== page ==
August 29, 2002

York Region Health Services identifies nine cases of E. coli bacteria


NEWMARKET York Region Health Services has identified nine cases of E. coli bacteria in York Region in the past three weeks, all involving children between the ages of two and 11.

Seven cases are confirmed as E. coli 0157:H7, and results are pending on the remaining two cases. Four of the children have made a complete recovery, while one remains hospitalized.

York Region physicians are being notified to be watchful for patients with E. coli symptoms.

The original source of the infection is unknown at this time. A secondary spread of infection from person-to-person may account for some of the reported cases. All municipal water systems are regularly tested, and are not considered to be a source in this investigation.

York Region averages about 30 E. coli cases each year. The nine current cases represent an unusually high number at one time, and bring the total number of E. coli bacteria infections this year to 24. In 2001, York Region Health Services investigated 25 E. coli cases, while 35 cases were investigated in 2000.

York Region Health Services officials continue to investigate this particular cluster of E. coli cases, and are taking all necessary steps to prevent further spread of this cluster.

For more information on E. coli bacteria, please call York Region Health Services Health Connection at 1-800-361-5653.

Please see attached Fact Sheet on E. coli 0157:H7 that explains how infections occur and how to prevent E. coli infections.

For more information on the Regional Municipality of York, the services we offer and links to our nine area municipalities, please visit our Web site at

Contact: Patrick Casey, Senior Media Relations Specialist, York Region

August 29, 2002 

Fact Sheet

E. coli 0157:H7 (VTEC)What is E. coli 0157:H7?

E. coli are bacteria that are commonly found in the intestines of humans and animals. There are different types of E. coli, some of which are not harmful to people and some, which cause serious illness. It is commonly known as "Hamburger Disease".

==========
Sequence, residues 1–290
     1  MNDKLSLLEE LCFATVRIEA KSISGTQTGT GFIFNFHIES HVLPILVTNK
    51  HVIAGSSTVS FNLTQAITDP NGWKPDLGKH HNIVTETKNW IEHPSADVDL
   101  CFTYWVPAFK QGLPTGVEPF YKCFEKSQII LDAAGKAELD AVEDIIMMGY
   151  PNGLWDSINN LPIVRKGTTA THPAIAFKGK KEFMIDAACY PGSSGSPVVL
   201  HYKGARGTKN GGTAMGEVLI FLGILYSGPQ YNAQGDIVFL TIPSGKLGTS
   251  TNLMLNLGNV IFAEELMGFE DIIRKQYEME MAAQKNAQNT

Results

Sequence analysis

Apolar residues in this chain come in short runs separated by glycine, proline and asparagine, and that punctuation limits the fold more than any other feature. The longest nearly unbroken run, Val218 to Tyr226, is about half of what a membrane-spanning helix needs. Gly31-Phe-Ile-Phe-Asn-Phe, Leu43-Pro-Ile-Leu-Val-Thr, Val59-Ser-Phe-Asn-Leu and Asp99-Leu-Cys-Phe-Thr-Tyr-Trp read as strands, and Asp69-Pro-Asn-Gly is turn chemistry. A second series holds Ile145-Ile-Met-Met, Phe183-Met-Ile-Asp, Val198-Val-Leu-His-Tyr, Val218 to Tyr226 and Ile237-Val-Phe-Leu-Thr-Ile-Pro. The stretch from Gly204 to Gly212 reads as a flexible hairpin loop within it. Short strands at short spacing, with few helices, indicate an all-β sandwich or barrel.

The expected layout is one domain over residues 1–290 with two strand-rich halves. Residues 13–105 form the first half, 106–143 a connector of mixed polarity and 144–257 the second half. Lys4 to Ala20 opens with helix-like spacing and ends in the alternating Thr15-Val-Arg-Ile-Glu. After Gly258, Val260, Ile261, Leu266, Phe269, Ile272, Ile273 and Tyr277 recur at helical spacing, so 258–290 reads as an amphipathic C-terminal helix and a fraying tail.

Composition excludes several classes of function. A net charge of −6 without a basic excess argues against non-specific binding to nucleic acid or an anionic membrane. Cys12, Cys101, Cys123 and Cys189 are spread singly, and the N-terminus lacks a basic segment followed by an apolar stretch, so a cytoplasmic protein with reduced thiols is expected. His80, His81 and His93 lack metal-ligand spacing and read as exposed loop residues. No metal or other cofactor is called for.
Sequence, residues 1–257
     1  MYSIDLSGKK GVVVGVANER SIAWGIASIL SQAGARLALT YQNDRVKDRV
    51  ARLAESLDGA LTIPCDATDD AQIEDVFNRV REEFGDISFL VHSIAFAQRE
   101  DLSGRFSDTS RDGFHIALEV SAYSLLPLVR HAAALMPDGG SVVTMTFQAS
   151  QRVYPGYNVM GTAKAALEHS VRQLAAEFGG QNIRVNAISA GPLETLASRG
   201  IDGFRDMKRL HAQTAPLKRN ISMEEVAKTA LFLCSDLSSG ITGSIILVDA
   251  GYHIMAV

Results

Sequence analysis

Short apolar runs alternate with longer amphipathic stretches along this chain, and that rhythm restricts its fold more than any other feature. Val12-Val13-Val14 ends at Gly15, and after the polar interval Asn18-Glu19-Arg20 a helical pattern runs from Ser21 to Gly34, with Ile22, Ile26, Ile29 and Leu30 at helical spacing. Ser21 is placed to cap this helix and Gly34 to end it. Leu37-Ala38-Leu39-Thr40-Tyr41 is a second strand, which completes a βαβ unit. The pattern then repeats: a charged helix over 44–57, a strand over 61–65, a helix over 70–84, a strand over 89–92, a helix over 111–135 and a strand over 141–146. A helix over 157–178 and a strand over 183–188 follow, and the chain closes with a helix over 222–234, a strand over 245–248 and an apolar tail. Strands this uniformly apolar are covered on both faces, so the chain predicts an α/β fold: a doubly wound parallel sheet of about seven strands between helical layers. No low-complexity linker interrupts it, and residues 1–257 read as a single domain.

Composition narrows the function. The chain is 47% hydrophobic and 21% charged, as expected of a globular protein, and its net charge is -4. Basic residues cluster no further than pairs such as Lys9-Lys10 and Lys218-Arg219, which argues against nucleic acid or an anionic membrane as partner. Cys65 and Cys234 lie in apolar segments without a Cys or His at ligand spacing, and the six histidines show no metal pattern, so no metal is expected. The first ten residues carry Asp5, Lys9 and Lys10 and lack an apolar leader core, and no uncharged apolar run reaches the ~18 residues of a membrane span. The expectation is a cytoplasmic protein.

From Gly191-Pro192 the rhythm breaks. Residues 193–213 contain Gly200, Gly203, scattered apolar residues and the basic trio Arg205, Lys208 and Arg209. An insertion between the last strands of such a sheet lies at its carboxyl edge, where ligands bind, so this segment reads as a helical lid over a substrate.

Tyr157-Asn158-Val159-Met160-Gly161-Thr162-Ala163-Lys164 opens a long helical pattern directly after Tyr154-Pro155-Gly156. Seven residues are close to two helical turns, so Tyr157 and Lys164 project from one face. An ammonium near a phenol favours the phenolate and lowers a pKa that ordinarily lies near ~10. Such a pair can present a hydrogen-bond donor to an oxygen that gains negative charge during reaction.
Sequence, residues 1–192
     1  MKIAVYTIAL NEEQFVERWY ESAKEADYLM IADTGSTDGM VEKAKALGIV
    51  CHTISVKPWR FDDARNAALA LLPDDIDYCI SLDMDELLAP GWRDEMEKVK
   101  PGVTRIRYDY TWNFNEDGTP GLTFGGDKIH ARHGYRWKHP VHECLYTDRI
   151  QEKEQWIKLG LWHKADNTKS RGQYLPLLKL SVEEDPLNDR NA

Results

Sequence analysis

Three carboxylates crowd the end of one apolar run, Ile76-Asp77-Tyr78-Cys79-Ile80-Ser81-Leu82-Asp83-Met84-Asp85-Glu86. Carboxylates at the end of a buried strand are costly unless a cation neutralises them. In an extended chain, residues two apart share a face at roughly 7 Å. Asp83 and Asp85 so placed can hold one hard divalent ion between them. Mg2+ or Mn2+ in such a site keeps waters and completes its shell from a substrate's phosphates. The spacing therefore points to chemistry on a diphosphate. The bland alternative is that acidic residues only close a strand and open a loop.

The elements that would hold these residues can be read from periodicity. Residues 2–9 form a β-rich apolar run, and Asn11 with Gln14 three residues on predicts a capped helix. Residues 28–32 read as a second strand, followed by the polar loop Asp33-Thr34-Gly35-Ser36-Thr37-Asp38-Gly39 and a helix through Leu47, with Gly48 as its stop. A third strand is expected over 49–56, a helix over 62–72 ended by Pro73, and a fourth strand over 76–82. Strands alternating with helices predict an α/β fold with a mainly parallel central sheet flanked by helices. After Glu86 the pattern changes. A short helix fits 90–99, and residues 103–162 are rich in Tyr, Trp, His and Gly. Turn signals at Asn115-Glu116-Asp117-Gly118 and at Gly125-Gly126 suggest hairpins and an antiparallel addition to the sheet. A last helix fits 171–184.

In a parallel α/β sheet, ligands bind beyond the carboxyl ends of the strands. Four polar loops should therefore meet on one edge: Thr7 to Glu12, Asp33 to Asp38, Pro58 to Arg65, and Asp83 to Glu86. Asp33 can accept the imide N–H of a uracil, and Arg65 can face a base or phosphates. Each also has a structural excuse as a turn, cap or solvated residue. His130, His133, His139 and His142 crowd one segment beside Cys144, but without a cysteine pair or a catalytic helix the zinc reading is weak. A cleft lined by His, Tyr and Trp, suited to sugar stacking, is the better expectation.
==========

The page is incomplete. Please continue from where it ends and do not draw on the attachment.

Verotoxin-producing Escherichia coli (VTEC) are bacteria that can cause symptoms such as stomach cramps, vomiting, fever and diarrhea which may go from watery to bloody. After the bacteria are ingested, it can take two to eight days typically, with a medium of three to four days before symptoms start. The illness usually lasts seven to 10 days.

This infection is strongly associated with Hemolytic Uremic Syndrome (HUS), a leading cause of kidney failure in the elderly and young children. Symptoms of HUS may include irritability, fatigue, paleness of the skin, puffiness around the eyes and ankles, and a decrease in the amount of urine produced. It is important to watch for symptoms of the HUS in a child after a child's diarrhea starts to clear up.

How E. coli 0157:H7 Infections Happen?

E. coli 0157:H7 bacteria infect the intestine of cattle. When animals are slaughtered, the bacteria contaminate the outer surface of the meat. The bacteria are further mixed into the meat during the grinding process. This is why it is sometimes called "hamburger disease".

E. coli 0157:H7 infections can be spread by many food sources such as undercooked ground beef, unpasteurized milk and apple cider, ham, turkey, roast beef, sandwich meats, raw vegetables, cheese and contaminated water. Once someone eats contaminated food, this infection can be passed from person-to-person, by hand-to-mouth contact (fecal-oral route). Poor hand washing and improper food handling are factors that lead to the spread of illness.

How Do You Prevent E. coli Infections?

  1. Thorough hand washing is the best prevention. Make sure hands are properly washed after using the toilet, handling diapers, pets, livestock or before preparing food.
  2. Clean and sanitize counter tops and utensils after contact with raw meats and poultry.
  3. If possible, separate work areas and utensils for preparing raw and cooked foods.
  4. Cook ground beef thoroughly to an internal temperature of 70 C or until the juices run clear and the meat is no longer pink.
  5. Drink only pasteurized milk and apple cider. Never let youngsters sample milk directly from the animal.
  6. Keep cold foods at 4 C or lower. Keep hot foods at 60 C or higher.
  7. Wash all fruits and vegetables before eating.
  8. Drink water from a safe supply.
  9. If ill with diarrhea, avoid preparing or handling food.

For further information, please contact Health Connection

The Regional Municipality of York is committed to providing cost-effective, quality services that respond to the needs of our rapidly growing communities.  York Region is comprised of the following nine area municipalities:  Aurora, East Gwillimbury, Georgina, King, Markham, Newmarket, Richmond Hill, Vaughan and Whitchurch-Stouffville.  For more information, visit our Web site at:

Contact: Patrick Casey, Senior Media Relations Specialist, York Region

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